If Your Child Snores, Ask the Doctor to Check for Enlarged Adenoids

The adenoids are tonsil-like structures located in the back of the nose, invisible to normal methods of examination of either the nose or throat. When adenoids are large, children tend to mouth-breathe, and they may snore at night. Many children with enlarged adenoids have a “nasal” sounding voice because of obstruction. The eustachian tubes open into the nose very close to the adenoids, and their opening may be blocked when adenoids are enlarged. Blocked eustachian tubes are among the causes of chronic middle ear infection. In some cases, the doctor may recommend that your child has his adenoids removed. While this surgery has not been shown to stop middle ear infections from occurring, it can help to get rid of fluid build-up in the ear.

What Should You Do About Daycare?

For most families today, there are few, if any, alternatives to group care. Daycare has some health risks, but it may also have significant and lasting health benefits. Children who go to daycare in the first year or two of life are more likely to develop ear infections because they catch more frequent viral infections from other kids. However, daycare may have health benefits, as well. Children in daycare may be less likely to eventually develop asthma and other allergic conditions—especially if their mothers do not have asthma.

Find Out About Xylitol

Xylitol is a natural sugar that is used to sweeten a number of different products, like gum and candy. Researchers have found that children who eat foods with xylitol on a regular basis have fewer cases of middle ear infections. This sugar may work by inhibiting the growth of bacteria strains that can lead to ear infections.

References:

Acute otitis media. EBSCO DynaMed website. Available at: http://www.ebscohost.com/dynamed.ebscohost.com/about/about-us. Updated June 3, 2013. Accessed September 3, 2013.

Ear infections. Centers for Disease Control and Prevention website. Available at: http://www.cdc.gov/. Accessed February 27, 2013. Updated September 3, 2013.

Ear infections in children. National Institute on Deafness and Other Communication Disorders website. Available at: http://www.nidcd.nih.gov/health/hearing/pages/earinfections.aspx. Updated February 2013. Accessed September 3, 2013.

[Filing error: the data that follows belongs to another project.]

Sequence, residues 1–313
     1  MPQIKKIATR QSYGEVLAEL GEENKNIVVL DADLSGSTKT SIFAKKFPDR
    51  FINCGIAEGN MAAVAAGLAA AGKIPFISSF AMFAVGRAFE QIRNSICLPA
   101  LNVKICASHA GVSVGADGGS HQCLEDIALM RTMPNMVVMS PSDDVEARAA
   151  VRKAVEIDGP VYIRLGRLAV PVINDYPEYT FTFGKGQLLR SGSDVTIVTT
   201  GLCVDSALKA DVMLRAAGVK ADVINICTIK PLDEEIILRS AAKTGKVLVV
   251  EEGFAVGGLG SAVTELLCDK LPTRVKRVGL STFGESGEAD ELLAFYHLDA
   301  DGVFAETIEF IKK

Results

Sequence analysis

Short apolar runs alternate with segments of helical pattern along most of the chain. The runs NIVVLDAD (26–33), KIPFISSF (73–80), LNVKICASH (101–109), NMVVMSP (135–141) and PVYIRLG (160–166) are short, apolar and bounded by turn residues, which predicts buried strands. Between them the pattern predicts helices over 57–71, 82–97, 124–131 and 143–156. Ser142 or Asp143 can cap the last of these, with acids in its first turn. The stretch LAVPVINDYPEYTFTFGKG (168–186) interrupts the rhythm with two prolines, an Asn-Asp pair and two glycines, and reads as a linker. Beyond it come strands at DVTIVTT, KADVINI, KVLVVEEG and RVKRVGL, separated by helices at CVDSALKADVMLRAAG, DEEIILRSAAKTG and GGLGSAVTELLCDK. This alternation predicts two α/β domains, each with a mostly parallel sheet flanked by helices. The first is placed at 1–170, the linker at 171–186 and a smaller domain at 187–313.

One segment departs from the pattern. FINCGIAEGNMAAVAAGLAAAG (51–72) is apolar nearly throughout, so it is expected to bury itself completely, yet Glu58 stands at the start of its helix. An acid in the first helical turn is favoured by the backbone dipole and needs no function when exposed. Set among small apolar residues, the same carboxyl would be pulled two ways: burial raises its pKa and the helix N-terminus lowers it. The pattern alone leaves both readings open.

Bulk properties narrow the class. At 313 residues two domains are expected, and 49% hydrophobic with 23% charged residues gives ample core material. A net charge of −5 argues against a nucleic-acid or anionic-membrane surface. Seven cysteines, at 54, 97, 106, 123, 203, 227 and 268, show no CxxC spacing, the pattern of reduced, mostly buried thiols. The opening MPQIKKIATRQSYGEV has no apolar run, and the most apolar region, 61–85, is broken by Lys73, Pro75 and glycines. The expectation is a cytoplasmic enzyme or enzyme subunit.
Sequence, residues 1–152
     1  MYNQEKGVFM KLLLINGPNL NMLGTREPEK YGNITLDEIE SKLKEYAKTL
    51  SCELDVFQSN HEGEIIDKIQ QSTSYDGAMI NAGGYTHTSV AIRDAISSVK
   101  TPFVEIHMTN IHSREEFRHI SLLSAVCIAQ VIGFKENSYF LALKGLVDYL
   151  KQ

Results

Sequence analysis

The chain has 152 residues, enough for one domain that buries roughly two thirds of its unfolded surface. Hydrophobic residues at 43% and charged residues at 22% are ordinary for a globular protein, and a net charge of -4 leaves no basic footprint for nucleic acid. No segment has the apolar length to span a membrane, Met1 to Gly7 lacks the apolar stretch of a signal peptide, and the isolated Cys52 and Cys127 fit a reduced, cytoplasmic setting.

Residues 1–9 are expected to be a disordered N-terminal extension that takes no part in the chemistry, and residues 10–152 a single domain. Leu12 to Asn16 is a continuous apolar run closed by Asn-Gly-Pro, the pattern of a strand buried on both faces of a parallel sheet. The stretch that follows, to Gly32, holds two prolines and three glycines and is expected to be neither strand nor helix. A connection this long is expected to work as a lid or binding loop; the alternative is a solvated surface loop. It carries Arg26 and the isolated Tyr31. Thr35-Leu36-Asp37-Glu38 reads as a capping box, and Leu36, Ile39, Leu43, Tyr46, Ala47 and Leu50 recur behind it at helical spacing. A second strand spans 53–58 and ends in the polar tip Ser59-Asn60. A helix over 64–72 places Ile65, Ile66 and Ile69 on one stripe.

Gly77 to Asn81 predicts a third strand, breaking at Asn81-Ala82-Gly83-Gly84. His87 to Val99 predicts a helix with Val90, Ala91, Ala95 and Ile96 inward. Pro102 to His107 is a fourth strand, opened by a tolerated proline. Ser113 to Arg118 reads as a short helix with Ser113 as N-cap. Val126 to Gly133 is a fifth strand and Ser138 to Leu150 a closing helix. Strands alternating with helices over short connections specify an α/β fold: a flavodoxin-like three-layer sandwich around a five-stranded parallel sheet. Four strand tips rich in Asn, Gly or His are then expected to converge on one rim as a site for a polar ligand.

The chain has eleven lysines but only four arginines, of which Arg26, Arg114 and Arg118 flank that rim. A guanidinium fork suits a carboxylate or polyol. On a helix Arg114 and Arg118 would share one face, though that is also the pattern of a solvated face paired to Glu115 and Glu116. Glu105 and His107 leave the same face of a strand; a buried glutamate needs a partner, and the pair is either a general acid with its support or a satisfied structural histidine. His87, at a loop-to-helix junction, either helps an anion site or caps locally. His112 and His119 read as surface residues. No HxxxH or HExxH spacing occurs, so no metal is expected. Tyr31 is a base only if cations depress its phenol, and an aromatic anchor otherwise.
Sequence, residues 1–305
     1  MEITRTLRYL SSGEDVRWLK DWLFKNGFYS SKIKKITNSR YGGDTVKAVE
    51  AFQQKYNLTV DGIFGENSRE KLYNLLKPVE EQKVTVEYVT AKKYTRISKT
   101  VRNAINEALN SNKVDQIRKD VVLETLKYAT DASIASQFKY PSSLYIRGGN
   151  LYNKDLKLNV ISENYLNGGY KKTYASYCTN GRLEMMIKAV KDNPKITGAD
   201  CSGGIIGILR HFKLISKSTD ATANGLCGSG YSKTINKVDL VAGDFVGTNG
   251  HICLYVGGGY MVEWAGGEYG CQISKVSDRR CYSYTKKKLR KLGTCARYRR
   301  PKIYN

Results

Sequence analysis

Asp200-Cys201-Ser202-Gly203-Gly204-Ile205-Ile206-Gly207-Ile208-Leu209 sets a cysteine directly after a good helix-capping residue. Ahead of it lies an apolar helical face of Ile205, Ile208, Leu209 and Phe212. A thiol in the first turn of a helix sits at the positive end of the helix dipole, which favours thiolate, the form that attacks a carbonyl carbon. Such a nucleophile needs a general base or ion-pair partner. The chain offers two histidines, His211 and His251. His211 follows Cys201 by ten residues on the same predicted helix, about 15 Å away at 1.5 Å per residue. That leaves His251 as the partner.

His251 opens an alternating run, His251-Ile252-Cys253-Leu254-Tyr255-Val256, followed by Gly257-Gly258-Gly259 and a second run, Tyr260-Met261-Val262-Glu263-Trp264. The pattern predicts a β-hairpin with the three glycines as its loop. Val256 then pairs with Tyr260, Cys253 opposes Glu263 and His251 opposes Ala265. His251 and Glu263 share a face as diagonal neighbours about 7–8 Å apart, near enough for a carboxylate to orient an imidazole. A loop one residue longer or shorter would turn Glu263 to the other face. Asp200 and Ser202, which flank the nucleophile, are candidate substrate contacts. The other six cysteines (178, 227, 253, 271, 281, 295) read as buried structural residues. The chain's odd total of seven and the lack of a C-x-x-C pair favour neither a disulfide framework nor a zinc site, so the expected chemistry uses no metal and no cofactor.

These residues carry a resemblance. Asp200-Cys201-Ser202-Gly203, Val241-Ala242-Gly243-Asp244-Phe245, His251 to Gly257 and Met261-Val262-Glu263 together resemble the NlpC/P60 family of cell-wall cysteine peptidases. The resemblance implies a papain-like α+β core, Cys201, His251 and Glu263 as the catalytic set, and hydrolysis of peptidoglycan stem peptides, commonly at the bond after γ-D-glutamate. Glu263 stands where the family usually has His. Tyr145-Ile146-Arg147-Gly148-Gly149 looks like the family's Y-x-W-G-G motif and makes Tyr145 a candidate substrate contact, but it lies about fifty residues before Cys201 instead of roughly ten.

Middle ear infections. American Academy of Pediatrics Healthy Children website. Available at: http://www.healthychildren.org/English/health-issues/conditions/ear-nose-throat/Pages/Middle-Ear-Infections.aspx. Updated May 11, 2013. Accessed September 3, 2013.

7/21/2009 DynaMed's Systematic Literature Surveillance DynaMed's Systematic Literature Surveillance https://dynamed.ebscohost.com/about/about-us: Pavia M, Bianco A, Nobile CG, Marinelli P, Angelillo IF. Efficacy of pneumococcal vaccination in children younger than 24 months: a meta-analysis. Pediatrics. 2009;123:e1103-1110.

3/26/2010 DynaMed's Systematic Literature Surveillance DynaMed's Systematic Literature Surveillance https://dynamed.ebscohost.com/about/about-us: Van Den Aardweg M, Schilder A, Herkert E, Boonacker C, Rovers M. Adenoidectomy for otitis media in children. Cochrane Database Syst Rev. 2010;(1):CD007810.

12/16/2011 DynaMed's Systematic Literature Surveillance DynaMed's Systematic Literature Surveillance https://dynamed.ebscohost.com/about/about-us: Azarpazhooh A, Limeback H, Lawrence HP, Shah PS. Xylitol for preventing acute otitis media in children up to 12 years of age. Cochrane Database Syst Rev. 2011;11:CD007095.

Last reviewed September 2013 by Michael Woods, MD

Please be aware that this information is provided to supplement the care provided by your physician. It is neither intended nor implied to be a substitute for professional medical advice. CALL YOUR HEALTHCARE PROVIDER IMMEDIATELY IF YOU THINK YOU MAY HAVE A MEDICAL EMERGENCY. Always seek the advice of your physician or other qualified health provider prior to starting any new treatment or with any questions you may have regarding a medical condition.